achieving all these requirements in the most elegant manner. But neither
this end-goal emphasis, nor the use of the new term "Portable Web
Publication", should be taken as implying a recommendation to definitely
create a "de nova" new format that would replace EPUB. Further
investigation is required, and the ongoing evolutionary trajectory of EPUB
must also be taken into account.*
Basically I want to preserve (at least at this early juncture) the notions
that a) it might turn out to be possible to fully meet the "Portable Web
Publications" goals in an evolutionary manner and/or that b) the community
might decide that it's better to sacrifice or relax some of the goals in
order to preserve backwards compatibility. By way of example, the ZIP+XML
packaging could turn out to be fine for all needs of packaging on the Web,
and allow preserving that aspect of EPUB compatibility.

BTW I would also suggest removing the note about EPUB+WEB, at this point I
think that's historical, and not of interest to the broader audience we
expect for this document. In which case the clarification I suggest above
could perhaps come earlier in the draft, perhaps as soon as where that note


On Wed, Sep 30, 2015 at 4:20 AM, Ivan Herman <ivan@w3.org> wrote:

> Dear all,
> as agreed on the telco, I have made some changes.
> *The first and most important is that the address/name of the repository
> has changed, due to the change of the term Document to Publication.*
> Sorry about that. The draft is at:
> http://w3c.github.io/dpub-pwp/
> the github repo being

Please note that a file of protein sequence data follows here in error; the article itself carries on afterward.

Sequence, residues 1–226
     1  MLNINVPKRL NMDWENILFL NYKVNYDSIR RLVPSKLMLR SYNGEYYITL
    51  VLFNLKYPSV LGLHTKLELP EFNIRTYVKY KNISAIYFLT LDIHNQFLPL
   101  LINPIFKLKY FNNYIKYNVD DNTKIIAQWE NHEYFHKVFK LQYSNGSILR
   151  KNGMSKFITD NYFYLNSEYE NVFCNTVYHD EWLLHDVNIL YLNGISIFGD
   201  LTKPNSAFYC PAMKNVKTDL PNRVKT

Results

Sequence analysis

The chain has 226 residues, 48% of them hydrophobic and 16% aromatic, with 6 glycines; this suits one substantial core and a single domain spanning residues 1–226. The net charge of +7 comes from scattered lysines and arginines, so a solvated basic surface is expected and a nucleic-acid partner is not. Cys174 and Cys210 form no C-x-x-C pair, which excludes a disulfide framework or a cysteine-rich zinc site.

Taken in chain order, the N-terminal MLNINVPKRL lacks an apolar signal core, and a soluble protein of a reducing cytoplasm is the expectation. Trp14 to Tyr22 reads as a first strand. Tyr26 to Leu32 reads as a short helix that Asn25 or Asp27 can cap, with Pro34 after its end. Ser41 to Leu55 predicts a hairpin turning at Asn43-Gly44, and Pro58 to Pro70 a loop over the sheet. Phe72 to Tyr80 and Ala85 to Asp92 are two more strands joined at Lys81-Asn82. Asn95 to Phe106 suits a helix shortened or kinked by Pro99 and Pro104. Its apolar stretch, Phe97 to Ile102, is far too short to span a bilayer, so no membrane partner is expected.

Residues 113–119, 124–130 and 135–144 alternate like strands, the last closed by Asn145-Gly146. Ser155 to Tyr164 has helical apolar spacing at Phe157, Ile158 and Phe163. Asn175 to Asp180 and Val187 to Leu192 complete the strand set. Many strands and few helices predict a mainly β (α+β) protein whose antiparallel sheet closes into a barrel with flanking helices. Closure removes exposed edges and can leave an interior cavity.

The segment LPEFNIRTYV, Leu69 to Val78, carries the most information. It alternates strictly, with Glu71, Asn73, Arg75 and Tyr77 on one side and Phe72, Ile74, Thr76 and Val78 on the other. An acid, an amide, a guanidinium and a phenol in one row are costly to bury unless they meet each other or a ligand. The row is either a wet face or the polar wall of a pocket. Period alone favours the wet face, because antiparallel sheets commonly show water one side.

> https://github.com/w3c/dpub-pwp
> (it was pwd instead of pwp…). Hopefully, this is the last change in the
> URL.
> I have made the following changes, mainly on the terminology section:
> - Changed (Portable) Web Document to (Portable) Web Publication everywhere
> in the text and, in particular, in the terminology (glossary) section[1]
> - Added a definition for "Content", essentially taking it over from WCAG
> - Changed the term 'collated' to 'aggregated' for the definition of a Web
> Publication
> - Added a bullet item emphasizing the fact that a Web Publication has a
> URI denoting the *whole* set of resources
> - Added the font example that we used in our discussion to give an example
> for the 'fuzziness' of portable vs. non-portable publications
> - I have added a separate section on states[2], but switched to the
> protocol vs. file and dropped the online vs. offline. Have added the
> typical example table, but also added some notes on the other corner cases
> Section 4 still needs work on adopting the state terminology, but I wanted
> to get some feedback before proceeding on that one.
> Remember that the goal we have is to get to a version next Monday that
> would be acceptable as a first public working draft. A FPWD is not supposed
> to be complete or perfect so, at this point, what we have to decide is
> whether the document is "good enough". We can and should work on it further
> later, of course…
> All comments, (github) issues, pull request, etc, are welcome...
> Cheers
> Ivan
> [1] http://w3c.github.io/dpub-pwp/#pwp_definition
> [2] http://w3c.github.io/dpub-pwp/#state_definition
> ----
> Ivan Herman, W3C
> Digital Publishing Lead
> Home: http://www.w3.org/People/Ivan/
> mobile: +31-641044153
> ORCID ID: http://orcid.org/0000-0003-0782-2704


Bill McCoy
Executive Director
International Digital Publishing Forum (IDPF)
email: bmccoy@idpf.org
mobile: +1 206 353 0233
Received on Wednesday, 30 September 2015 17:46:47 UTC